The Journal of the Association of Medical Microbiology and Infectious Disease Canada recently published an open access article titled, "An Atlantic Canadian case of disseminated Streptococcus equi subspecies zooepidemicus infection."
Following is the abstract:
"Streptococcus equi subspecies zooepidemicus infections in humans can be contracted through contact with domestic animals or unpasteurized dairy products. Although infection in humans is rare, the course can be fulminant. We describe the case of a 75-year-old immunocompetent male who developed disseminated disease with bacteremia, native aortic valve endocarditis, suppurative pericarditis with cardiac tamponade, meningitis, and bilateral endophthalmitis. Despite treatment with pericardial drain placement, intravenous ceftriaxone, and rifampin, the patient unfortunately did not survive. To date, reported cases of disseminated infection by S. equi subsp. zooepidemicus are few. Furthermore, with review of the literature, this case demonstrates the broadest organ system involvement reported. Of interest, previous studies have suggested an affinity of this organism for certain organ systems and this case corroborates an emerging association of S. equi subsp. zooepidemicus with endophthalmitis. In addition, this is the second Canadian case of documented human infection, with both cases being similar in clinical features, presentation, and geographical location. This case report should serve to warn clinicians about complications and sites of haematogenous seeding in the setting of disseminated S. equi subsp. zooepidemicus infections."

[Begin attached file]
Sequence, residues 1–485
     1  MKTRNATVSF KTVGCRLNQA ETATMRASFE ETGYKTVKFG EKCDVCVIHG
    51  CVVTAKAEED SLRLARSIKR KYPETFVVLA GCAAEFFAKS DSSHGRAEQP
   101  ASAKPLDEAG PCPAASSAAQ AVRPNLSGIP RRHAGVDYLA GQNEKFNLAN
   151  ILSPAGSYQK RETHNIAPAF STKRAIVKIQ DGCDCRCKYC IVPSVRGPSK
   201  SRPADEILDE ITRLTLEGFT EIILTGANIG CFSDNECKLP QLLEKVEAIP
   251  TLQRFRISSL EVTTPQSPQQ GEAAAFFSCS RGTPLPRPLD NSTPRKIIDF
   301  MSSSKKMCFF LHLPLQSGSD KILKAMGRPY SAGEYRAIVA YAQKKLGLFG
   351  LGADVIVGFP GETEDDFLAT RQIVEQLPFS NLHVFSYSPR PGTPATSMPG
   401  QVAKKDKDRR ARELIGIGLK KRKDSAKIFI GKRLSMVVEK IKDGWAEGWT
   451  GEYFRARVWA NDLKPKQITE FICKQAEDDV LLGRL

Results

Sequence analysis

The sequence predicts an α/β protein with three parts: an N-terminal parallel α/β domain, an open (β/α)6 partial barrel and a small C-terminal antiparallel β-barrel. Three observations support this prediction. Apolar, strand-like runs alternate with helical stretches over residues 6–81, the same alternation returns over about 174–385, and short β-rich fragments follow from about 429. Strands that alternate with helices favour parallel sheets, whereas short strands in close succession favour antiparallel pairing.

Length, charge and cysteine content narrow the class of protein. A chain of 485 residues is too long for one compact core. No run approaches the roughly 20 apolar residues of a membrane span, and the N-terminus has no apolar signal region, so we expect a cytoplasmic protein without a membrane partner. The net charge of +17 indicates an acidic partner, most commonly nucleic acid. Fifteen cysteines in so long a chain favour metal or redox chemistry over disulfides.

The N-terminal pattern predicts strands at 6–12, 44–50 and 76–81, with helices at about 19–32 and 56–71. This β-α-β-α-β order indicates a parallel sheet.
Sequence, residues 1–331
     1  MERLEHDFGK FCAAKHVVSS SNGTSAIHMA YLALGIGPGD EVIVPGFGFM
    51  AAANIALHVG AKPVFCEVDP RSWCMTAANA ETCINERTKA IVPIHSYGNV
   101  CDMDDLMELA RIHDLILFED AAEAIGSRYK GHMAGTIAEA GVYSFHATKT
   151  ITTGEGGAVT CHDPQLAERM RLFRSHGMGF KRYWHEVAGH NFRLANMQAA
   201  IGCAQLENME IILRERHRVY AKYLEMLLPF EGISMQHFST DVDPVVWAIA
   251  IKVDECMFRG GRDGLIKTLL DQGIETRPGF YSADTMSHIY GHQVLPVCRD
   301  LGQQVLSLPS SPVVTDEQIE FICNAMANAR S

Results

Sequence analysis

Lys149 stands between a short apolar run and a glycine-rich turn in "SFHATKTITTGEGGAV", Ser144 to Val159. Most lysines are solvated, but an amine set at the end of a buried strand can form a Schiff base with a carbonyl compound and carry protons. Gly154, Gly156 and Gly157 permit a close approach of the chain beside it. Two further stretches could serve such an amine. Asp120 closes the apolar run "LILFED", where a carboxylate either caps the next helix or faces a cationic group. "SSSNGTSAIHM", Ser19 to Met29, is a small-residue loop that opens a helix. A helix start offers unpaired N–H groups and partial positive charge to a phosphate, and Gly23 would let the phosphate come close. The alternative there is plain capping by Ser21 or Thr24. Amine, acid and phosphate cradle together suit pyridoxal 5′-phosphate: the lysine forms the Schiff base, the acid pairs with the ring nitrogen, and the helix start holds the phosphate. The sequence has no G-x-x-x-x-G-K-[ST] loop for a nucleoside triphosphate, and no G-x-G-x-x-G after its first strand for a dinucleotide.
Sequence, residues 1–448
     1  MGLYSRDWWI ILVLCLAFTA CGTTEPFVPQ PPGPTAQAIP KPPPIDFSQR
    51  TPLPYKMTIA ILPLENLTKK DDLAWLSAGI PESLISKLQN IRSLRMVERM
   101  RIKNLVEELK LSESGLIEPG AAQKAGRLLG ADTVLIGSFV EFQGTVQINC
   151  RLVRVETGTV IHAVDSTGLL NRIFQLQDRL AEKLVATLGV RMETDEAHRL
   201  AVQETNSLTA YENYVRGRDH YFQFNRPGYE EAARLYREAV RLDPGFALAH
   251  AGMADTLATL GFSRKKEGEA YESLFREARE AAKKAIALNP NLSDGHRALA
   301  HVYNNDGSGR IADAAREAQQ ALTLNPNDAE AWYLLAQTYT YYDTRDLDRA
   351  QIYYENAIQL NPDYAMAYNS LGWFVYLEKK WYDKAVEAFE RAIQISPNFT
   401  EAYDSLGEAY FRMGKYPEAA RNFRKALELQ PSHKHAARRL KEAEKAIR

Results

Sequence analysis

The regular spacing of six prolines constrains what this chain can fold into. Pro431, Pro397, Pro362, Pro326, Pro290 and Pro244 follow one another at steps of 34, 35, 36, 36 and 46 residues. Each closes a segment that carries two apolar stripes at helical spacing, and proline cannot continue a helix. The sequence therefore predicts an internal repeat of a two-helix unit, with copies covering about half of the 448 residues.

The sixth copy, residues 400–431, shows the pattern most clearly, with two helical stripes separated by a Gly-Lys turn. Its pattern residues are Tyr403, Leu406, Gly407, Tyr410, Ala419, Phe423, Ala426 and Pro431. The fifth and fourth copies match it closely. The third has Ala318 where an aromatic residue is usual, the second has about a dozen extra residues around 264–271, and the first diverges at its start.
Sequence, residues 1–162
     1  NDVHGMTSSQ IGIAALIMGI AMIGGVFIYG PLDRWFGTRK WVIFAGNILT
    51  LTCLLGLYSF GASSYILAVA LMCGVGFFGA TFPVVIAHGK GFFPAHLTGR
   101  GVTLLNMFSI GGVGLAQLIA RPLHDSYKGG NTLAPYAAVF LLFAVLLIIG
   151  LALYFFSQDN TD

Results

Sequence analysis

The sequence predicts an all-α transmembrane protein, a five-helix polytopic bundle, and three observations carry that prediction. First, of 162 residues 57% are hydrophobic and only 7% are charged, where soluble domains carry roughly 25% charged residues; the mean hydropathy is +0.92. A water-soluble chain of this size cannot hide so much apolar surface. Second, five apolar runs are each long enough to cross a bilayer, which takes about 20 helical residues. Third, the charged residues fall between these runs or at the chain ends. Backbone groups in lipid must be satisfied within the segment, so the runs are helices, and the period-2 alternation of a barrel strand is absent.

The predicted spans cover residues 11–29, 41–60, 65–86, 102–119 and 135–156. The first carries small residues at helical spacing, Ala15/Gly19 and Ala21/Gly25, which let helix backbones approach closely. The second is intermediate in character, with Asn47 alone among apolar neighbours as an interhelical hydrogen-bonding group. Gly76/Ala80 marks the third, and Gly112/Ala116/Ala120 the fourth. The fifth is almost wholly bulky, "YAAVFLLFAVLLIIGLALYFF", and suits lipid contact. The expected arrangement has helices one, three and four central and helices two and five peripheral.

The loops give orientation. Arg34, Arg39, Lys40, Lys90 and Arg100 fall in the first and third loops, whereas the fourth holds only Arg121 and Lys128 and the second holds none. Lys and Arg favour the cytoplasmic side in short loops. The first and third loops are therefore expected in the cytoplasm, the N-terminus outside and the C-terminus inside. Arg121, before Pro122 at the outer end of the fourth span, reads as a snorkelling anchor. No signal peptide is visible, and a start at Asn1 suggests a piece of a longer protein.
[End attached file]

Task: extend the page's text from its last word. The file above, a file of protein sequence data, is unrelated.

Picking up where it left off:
You can read the entire article online.